Here at the Westbury campus we’ve been having a few discussions recently about who our target audience is; their desires, their hopes, their fears… And one of the really interesting things (well, interesting to us, at least) that came out of those discussions was the subject of Heath Robinson style ad-hoc solutions to the problem of pulling reports out of an ITSM database. It’s of particular interest to us, because these sorts of solutions are our competition, so we pulled together a list of the top three reasons why customers ditch the home brew and get with the out of the box. The list was pulled together largely based on anecdotal evidence, so there’s bugger all science involved, just our own experiences collated into a hastily assembled list.
So, in no particular order, here are the top three:
It’s going to cost how much?
You know how this one goes: someone high up in the company decides that measuring the performance of IT is probably a good idea, and this directive gets passed down the line until reaches that guy who has far too much time on his hands and far too much autonomy, and who decides it would be just peachy if he could use this as an excuse to test out some of those theories he’s been working on about data warehousing and middleware. Next thing you know he’s put the order in for a new liquid-cooled server room, twenty-seven new servers and a team of DBAs, programmers, BI experts and coffee-fetching monkeys to look after it all.
Most frustratingly, the system works, and the high up gets those reports he or she wanted, so it’s really hard to argue against the installation of Deep Blue. “That’s the only way to get that data out,” your prodigal wastrel will tell you, shouting above the noise of twelve dozen case fans whirring. The truth of the matter is that he’s probably just doing what many of us in tough times – he’s making himself (and his over-built system) indispensable.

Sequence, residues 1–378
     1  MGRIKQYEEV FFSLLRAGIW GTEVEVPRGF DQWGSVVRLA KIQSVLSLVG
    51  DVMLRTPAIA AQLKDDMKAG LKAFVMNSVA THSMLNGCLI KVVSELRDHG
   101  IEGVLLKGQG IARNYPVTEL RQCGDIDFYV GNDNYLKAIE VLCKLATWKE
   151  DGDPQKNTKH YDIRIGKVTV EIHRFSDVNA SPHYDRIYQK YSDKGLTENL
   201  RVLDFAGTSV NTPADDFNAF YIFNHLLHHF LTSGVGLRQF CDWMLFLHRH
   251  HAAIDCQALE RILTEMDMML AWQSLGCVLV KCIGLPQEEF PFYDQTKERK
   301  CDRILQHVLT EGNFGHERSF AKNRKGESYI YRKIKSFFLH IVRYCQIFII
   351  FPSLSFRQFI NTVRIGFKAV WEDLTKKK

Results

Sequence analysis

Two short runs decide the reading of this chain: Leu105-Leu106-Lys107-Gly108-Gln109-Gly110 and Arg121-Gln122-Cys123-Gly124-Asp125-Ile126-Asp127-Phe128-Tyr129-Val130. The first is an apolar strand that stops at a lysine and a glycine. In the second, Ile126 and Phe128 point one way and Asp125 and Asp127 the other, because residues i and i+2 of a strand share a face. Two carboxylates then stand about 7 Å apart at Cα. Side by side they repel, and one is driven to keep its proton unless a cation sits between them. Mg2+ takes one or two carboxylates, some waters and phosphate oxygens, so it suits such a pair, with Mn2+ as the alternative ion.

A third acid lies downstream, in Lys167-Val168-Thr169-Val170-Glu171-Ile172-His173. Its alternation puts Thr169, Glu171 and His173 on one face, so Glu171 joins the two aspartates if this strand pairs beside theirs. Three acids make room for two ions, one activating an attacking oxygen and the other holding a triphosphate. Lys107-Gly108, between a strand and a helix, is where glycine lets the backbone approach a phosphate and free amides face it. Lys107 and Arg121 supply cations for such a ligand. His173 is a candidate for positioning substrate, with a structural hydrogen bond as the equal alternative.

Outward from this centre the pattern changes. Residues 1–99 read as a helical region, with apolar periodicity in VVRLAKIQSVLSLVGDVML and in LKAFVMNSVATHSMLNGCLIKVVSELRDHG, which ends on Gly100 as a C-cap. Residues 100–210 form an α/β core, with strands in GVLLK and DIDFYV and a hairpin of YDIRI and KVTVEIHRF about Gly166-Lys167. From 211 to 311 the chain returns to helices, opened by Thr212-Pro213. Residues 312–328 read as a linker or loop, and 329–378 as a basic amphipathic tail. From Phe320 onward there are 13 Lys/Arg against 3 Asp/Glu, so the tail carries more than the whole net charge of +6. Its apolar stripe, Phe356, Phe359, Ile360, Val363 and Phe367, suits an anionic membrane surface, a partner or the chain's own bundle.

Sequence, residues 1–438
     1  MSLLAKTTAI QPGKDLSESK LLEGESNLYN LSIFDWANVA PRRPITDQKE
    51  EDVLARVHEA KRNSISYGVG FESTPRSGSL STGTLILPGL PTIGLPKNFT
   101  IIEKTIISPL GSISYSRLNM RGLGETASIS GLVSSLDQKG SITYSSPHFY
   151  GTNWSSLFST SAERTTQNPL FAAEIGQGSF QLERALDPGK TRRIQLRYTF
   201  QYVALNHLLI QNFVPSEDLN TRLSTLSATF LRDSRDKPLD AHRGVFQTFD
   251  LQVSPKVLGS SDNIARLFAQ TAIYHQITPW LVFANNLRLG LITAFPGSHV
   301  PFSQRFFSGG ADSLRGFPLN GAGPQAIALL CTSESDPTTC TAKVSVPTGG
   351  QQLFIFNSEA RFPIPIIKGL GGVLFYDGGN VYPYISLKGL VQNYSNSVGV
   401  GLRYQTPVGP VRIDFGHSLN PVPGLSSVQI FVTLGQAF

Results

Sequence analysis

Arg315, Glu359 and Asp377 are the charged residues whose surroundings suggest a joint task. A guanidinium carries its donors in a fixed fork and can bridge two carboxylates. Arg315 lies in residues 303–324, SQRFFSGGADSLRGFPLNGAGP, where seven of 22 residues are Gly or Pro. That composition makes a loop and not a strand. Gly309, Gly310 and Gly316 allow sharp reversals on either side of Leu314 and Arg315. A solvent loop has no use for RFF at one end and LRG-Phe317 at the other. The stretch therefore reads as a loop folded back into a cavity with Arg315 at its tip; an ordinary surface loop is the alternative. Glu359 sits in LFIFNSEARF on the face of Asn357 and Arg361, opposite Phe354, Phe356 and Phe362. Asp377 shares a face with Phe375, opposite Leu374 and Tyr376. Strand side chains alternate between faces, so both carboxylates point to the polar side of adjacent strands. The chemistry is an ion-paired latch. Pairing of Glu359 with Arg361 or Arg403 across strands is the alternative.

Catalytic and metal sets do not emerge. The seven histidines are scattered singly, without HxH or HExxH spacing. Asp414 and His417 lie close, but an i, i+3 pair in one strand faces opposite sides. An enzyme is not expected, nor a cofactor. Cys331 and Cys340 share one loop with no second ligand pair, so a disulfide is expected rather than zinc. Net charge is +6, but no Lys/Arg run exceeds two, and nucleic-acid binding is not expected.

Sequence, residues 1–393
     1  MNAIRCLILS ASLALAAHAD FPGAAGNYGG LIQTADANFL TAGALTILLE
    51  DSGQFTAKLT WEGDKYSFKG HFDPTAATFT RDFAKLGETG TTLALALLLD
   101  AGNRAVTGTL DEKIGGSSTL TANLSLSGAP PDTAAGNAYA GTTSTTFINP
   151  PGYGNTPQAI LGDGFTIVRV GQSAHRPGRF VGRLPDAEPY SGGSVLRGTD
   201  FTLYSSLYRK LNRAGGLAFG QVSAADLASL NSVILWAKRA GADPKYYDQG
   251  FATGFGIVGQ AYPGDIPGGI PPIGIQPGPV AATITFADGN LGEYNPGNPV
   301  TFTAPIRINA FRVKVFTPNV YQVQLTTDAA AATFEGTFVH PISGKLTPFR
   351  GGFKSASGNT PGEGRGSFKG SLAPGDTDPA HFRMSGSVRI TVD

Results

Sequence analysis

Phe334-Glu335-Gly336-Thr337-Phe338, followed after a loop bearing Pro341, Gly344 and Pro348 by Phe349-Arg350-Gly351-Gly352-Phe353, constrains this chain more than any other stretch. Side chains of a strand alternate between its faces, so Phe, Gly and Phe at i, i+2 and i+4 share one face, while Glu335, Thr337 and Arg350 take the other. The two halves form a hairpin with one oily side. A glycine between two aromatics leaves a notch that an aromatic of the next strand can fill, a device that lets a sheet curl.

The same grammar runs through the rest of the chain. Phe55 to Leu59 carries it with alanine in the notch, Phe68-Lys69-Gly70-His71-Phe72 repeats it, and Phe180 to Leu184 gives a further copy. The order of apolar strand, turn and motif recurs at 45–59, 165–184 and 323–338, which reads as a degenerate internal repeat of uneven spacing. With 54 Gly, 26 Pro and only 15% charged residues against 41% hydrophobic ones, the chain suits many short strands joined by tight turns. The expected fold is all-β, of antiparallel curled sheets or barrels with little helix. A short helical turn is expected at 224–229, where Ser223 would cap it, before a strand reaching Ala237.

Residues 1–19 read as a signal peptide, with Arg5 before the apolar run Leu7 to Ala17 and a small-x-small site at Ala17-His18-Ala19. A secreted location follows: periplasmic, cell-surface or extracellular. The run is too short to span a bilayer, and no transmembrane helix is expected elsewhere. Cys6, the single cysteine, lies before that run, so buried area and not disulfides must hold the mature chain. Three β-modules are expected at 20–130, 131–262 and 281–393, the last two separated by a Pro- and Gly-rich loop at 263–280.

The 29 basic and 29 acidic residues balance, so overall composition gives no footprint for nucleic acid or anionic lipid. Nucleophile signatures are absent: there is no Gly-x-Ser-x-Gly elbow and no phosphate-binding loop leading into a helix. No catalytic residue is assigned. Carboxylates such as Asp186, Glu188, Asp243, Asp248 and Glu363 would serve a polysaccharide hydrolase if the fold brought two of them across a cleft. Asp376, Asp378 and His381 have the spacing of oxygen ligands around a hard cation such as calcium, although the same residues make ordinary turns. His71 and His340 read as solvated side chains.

I need that report yesterday!
Number two on the list is also about money if you apply the time = money formula that I learned from watching too many 80s movies. But time is one thing you can’t buy and many of our customers are impatient people. They don’t want to wait around for their reports, just because someone else claims to be busy. When there is a separation between the person who requires the report – and who knows just how important and urgent the report is – and the person whose responsibility it is to actually run the report, then you get a disconnect. And, ultimately, the person who needs the reports will think twice before requesting them because it’s going to be too much of a hassle. And the fewer reports that are generated means the less that organization is paying attention to the measurable performance of IT, which means that any efforts towards process improvement or ITIL are doomed to fail. Conversely, when the time lag between thinking about an aspect of ITSM that you might like to report on and actually seeing that report on your screen or in your hand is shorter, the desire to run new reports increases. Suddenly, you’ll start reporting on seemingly unimportant aspects of performance just because you can, and any increase in a culture of measurement has big ramifications for how well your IT department is run and how well it is perceived externally.
She’s Lost Control
The final point is all about control. Having a specialist BI team in charge of a tool that exists for your benefit – and not having control of it yourself – can be frustrating. It’s a bit like when your Mum wants to upload the pictures she took of Uncle Dave’s 60th to Facebook, but needs your help to do it. And rather than just let you do it all yourself in five minutes, she insists that she keeps hold of the mouse while you talk her through the steps; getting the pictures off the camera and onto her PC, then uploading the pictures to Facebook, then publishing the album and so forth. Not that the BI group / your Mum are necessarily incompetent, just that when instructions have to be relayed, the process encourages mistakes and the need for repetition.
And often that disconnect between end user and ad-hoc system is there for a very good reason, in that the system is just too complicated to operate, or doesn’t have user access security nailed down enough to be opened up to anyone outside the BI team. But that doesn’t stop it being frustrating.
And of course, if I told you the answer to all of these problems was to use Westbury’s SMI Suite then this would turn into some sort of sly sales pitch. So I won’t.